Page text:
Art Theft: The The Majority Of Fascinating and Famous Cases in History



Art theft is an complicated and ancient crime. When you take a look at the some of the most famous cases of art thefts in history, you see completely prepared operations that include art dealers, art fakers, mobsters, ransoms, and countless dollars. Here you can check out a few of the most well-known cases of art theft in the history.

The First Theft:
The very first documented case of art theft remained in 1473, when two panels of altarpiece of the Last Judgment by the Dutch painter Hans Memling were taken. While the triptych was being transported by ship from the Netherlands to Florence, the ship was assaulted by pirates who took it to the Gdansk cathedral in Poland. Nowadays, the piece is shown at the National Museum in Gdansk where it was just recently moved from the Basilica of the Assumption.

One Of The Most Famous Theft:
The most famous story of art theft includes among the most famous paintings worldwide and one of the most well-known artists in history as a suspect. In the night of August 21, 1911, the Mona Lisa was taken from the Louver. Soon after, Pablo Picasso was detained and questioned by the cops, but was launched rapidly.

It took about two years up until the secret was fixed by the Parisian police. It ended up that the 30 × 21 inch painting was taken by among the museum staff members by the name of Vincenzo Peruggia, who simply carried it hidden under his coat. Peruggia did not work alone. The crime was carefully carried out by a infamous con man, Eduardo de Valfierno, who was sent by an art faker who intended to make copies and sell them as if they were the original painting.

While Yves Chaudron, the art faker, was busy producing copies for the well-known masterpiece, Mona Lisa was still hidden at Peruggias house. After two years where Peruggia did not speak with Chaudron, he attempted to make the very best out of his taken excellent. Ultimately, Peruggia was captured by the cops while attempting to sell the painting to an art dealer from Florence, Italy. The Mona Lisa was gone back to the Louver in 1913.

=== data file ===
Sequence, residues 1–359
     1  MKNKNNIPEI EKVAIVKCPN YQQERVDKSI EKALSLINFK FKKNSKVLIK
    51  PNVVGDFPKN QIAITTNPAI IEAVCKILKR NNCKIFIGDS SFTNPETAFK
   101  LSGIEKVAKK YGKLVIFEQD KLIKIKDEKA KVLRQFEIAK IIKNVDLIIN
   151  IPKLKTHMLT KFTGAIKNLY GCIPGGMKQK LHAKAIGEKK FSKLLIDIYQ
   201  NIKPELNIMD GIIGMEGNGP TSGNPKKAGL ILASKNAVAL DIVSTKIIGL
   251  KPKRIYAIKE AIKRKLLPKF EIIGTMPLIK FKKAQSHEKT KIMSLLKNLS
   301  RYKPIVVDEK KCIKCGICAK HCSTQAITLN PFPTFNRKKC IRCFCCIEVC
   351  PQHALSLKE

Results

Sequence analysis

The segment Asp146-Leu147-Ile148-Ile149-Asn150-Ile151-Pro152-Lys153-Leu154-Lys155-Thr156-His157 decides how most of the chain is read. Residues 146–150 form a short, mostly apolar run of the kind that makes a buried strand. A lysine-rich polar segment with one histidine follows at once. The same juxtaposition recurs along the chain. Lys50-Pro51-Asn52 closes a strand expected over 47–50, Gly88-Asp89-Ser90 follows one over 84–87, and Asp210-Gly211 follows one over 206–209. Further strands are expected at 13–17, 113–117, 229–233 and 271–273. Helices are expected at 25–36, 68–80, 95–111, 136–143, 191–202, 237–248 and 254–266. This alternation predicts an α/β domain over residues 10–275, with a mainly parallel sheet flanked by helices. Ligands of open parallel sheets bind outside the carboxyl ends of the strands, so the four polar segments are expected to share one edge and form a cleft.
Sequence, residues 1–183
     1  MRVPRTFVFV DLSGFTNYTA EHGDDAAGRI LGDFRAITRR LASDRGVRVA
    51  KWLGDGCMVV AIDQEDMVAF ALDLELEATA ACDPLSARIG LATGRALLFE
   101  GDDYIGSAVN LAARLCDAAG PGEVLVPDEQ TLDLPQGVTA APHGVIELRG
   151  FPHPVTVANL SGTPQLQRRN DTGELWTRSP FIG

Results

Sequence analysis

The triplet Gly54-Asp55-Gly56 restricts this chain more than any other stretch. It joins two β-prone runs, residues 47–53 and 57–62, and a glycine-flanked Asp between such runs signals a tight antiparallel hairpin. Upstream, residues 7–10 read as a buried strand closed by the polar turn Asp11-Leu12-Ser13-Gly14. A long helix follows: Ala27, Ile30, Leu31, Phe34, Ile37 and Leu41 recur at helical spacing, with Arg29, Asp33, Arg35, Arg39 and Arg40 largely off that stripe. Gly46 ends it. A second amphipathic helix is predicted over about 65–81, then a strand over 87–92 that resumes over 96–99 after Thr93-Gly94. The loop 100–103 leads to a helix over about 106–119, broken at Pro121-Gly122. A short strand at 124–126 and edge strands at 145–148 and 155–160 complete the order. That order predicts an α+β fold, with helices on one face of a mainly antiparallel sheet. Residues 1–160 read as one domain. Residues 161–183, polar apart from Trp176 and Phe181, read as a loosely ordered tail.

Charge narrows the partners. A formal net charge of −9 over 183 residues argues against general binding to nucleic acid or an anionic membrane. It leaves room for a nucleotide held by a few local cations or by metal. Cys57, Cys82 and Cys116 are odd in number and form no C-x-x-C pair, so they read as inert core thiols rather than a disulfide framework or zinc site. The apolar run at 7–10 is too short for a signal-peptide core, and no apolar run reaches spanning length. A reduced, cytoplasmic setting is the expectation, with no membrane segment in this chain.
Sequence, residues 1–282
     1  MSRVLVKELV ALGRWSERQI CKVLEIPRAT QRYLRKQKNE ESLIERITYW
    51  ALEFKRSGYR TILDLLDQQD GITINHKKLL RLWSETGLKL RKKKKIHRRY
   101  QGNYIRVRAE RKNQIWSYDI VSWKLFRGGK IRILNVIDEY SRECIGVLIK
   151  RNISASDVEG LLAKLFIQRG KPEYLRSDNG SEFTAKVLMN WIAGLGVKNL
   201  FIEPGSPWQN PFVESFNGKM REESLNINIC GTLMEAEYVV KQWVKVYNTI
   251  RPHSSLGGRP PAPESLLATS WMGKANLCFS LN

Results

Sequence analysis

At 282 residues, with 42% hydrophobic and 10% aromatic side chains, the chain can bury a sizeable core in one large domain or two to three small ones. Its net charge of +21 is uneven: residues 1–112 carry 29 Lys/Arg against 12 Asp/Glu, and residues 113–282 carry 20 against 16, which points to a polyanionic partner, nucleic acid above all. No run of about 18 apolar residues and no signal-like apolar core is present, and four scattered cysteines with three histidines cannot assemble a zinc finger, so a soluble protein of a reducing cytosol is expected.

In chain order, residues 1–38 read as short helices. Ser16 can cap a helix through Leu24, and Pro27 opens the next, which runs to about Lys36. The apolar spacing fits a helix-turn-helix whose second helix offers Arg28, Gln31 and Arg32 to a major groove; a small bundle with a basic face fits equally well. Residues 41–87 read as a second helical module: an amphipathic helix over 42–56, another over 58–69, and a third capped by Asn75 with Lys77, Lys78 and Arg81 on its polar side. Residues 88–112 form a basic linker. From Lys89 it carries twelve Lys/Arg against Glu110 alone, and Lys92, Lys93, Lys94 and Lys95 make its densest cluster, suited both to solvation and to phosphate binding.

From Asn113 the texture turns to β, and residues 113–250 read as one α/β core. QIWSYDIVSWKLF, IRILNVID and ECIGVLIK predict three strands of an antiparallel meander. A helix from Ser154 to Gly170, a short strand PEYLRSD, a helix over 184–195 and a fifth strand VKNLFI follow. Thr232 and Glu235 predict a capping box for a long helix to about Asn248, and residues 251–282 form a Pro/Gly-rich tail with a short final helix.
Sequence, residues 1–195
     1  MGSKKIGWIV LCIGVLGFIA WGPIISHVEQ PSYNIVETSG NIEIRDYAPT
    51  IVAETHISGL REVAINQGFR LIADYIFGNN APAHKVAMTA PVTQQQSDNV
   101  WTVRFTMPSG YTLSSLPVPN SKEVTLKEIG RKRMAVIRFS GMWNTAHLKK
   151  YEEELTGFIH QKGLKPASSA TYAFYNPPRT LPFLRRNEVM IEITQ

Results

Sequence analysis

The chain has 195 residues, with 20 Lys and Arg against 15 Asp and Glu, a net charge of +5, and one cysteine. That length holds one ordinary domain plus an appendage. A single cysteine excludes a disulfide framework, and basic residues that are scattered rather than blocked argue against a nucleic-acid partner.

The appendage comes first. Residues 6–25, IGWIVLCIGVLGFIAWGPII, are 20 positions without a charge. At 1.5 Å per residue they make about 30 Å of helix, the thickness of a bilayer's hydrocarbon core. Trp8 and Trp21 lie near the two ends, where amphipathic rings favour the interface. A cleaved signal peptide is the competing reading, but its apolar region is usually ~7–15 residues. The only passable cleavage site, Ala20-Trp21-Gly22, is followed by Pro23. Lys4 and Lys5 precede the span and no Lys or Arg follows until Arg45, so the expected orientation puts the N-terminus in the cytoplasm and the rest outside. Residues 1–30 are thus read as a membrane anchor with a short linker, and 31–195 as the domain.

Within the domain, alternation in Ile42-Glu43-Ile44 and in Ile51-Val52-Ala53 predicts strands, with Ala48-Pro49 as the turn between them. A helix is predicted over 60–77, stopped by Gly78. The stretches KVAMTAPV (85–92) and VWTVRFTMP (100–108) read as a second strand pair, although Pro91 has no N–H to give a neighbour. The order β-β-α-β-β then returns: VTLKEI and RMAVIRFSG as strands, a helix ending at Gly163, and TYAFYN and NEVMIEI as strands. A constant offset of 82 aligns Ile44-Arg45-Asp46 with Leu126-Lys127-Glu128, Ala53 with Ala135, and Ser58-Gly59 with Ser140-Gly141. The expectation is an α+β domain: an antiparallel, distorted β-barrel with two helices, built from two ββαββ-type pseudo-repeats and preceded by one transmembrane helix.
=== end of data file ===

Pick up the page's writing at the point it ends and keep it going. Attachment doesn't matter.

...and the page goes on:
The Biggest Theft in the U.S.A:
The most significant art theft in United States happened at the Isabella Stewart Gardner Museum. On the night of March 18, 1990, a group of thieves using authorities https://myspace.com/kurtcriter uniforms got into the museum and took thirteen paintings whose collective worth was approximated at around 300 million dollars. The thieves took 2 paintings and one print by Rembrandt, and works of Vermeer, Manet, Degas, Govaert Flinck, in addition to a French and a Chinese artifact.

As of yet, none of the paintings have actually been found and the case is still unsolved. According to current rumors, the FBI are examining the possibility that the Boston Mob together with French art dealers are linked to the criminal offense.

The Scream:
The painting by Edvard Munchs, The Scream, is probably the most demanded painting by art burglars in history. It has been stolen two times and was only just recently recovered. In 1994, during the Winter Season Olympics in Lillehammer, Norway, The Scream was taken from an Oslo gallery by two thieves who broke through an open window, set off the alarm and left a note stating: thanks for the bad security.

3 months later on, the https://medium.com/@kurtcriter holders of the painting approached the Norwegian Government with an offer: 1 million dollars ransom for Edvard Munchs The Scream. The Federal government rejected the deal, however the Norwegian police worked together with the British Cops and the Getty Museum to arrange a sting operation that brought back the painting to where it belongs.

While Museum officials waiting for the burglars to demand ransom cash, reports claimed that both paintings were burned to conceal proof. Ultimately, the Norwegian authorities discovered the two paintings on August 31, 2006 however the facts on how they were recuperated are not known.


When you look at the some of the most well-known cases of art thefts in history, you see completely prepared operations that involve art dealers, art fakers, mobsters, ransoms, and millions of dollars. The most well-known story of art theft involves one https://foursquare.com/v/kurt-criter/59ae10555161136b77113e4f of the most well-known paintings in the world and one of the most well-known artists in history as a suspect. The criminal activity was thoroughly performed by a infamous con male, Eduardo de Valfierno, who was sent out by an art faker who meant to make copies and sell them as if they were the original painting.

Ultimately, Peruggia was captured by the cops while attempting to sell the painting to an art dealer from Florence, Italy. The painting by Edvard Munchs, The Scream, is most likely the most looked for after painting by art thieves in history.

Leave a Reply

Your email address will not be published. Required fields are marked *